Sen's men took control of the armoury, but found only arms, no ammunition; they didn't know that arms and ammunition are never stored together. A young revolutionary forgot a simple truth - that you don't light a matchstick while standing in a pool of petrol - and threw the entire field plan into disarray, something from which it never recovered. One of the leaders, Ananta Singh, was emotionally unstable. Another, Pritilata Waddadar, was driven by a death wish. And finally, Masterda was leading a bunch of schoolboys - the youngest was only 13 - into war against the British Army.
These boys never lost faith. On Jalalabad's hills they fought Gurkha machine-gunners with muskets. The British threw their bodies into a pit and mass-burnt them. Gandhi had not a word to say about them, reserving his commiserations for the mother of Vithaldas, who, as part of Gandhi's anti-liquor campaign, tried chopping a toddy tree and fatally wounded himself. Chatterjee captures the injustice in one reverberating sentence: "Even martyrdom, it would seem, lies in the ideology of the bestower."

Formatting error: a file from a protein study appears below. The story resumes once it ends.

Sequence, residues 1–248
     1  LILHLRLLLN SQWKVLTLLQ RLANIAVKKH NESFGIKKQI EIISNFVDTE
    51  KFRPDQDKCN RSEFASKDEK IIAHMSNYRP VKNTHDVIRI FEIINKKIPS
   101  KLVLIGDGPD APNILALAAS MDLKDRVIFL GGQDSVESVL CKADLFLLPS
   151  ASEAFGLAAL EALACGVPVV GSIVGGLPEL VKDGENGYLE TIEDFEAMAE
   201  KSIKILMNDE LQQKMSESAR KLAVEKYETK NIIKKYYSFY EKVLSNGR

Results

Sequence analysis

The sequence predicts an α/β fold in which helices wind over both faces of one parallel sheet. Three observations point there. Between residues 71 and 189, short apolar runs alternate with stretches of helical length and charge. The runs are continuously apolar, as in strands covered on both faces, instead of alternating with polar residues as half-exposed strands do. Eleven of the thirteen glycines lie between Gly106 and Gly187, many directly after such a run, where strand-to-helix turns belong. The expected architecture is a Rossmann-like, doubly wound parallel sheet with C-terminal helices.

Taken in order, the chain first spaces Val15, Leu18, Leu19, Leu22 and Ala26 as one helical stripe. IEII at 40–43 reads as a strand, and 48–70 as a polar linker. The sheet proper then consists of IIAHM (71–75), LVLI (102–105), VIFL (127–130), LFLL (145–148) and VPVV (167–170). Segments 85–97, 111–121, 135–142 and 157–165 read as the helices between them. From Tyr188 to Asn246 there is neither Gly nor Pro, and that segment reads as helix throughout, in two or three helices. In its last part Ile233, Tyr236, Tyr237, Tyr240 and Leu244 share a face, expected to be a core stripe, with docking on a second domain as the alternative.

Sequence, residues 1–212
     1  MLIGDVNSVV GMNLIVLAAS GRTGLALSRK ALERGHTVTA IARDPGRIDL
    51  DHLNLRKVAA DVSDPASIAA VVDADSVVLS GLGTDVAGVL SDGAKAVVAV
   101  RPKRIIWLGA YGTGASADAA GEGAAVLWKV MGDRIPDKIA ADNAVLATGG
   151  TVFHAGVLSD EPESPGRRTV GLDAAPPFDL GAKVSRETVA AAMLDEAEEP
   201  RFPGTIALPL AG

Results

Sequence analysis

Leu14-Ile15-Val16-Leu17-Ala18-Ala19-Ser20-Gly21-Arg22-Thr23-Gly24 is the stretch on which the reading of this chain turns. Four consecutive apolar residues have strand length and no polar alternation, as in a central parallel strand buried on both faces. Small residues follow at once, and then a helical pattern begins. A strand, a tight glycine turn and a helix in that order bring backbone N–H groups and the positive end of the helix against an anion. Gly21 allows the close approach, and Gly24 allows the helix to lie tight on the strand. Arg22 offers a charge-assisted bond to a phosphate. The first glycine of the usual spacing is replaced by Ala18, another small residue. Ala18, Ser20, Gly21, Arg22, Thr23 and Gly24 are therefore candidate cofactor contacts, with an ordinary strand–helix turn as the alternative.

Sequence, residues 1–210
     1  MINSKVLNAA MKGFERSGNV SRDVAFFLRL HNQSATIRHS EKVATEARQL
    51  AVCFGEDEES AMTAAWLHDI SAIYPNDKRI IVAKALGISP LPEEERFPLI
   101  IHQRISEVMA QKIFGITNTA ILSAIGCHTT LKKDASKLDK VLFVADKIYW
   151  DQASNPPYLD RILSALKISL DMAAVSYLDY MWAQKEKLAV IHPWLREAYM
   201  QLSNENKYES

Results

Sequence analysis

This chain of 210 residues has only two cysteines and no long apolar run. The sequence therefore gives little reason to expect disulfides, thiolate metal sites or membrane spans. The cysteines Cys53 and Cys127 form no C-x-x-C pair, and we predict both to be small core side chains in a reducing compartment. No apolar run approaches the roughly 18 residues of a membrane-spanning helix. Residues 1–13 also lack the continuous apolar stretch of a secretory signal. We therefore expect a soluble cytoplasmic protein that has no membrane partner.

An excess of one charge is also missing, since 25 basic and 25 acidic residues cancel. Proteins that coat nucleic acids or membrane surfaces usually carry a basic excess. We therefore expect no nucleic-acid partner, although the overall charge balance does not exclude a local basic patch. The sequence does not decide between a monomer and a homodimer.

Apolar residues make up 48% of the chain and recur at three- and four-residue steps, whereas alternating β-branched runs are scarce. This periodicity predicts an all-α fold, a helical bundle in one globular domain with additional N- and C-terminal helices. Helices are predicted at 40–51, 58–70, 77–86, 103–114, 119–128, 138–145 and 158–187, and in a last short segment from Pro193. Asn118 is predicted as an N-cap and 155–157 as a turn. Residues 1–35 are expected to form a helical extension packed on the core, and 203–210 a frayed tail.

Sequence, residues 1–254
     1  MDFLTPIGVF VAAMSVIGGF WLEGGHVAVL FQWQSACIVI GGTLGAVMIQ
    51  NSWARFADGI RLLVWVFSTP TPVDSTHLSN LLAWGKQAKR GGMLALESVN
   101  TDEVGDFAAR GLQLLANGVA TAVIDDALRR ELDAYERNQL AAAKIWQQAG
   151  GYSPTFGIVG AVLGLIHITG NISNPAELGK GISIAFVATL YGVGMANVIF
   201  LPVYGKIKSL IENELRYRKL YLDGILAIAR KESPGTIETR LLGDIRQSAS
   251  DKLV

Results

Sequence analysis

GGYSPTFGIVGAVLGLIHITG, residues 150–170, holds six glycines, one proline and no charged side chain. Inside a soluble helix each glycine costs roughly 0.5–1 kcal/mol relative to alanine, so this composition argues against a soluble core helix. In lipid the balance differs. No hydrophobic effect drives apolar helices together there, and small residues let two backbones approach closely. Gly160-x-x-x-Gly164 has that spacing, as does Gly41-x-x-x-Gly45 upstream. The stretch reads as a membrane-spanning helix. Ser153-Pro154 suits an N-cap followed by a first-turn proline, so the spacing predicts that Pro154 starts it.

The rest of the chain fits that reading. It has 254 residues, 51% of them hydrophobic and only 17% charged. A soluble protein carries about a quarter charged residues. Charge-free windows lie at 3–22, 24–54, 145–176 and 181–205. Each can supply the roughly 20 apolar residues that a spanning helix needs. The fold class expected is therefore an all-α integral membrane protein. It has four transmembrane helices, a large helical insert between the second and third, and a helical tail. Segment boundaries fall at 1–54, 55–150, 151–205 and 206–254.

You could call these people suicidal fools, but their courage shines through every page of this valuable book. Only two complaints: towards the end, Chatterjee can't keep her political biases out, and she omits the survivor's later lives (some had very chequered careers). But overlook that. Read this book and give it to your children, so they know about these misguided warriors who briefly halted the British empire in its tracks.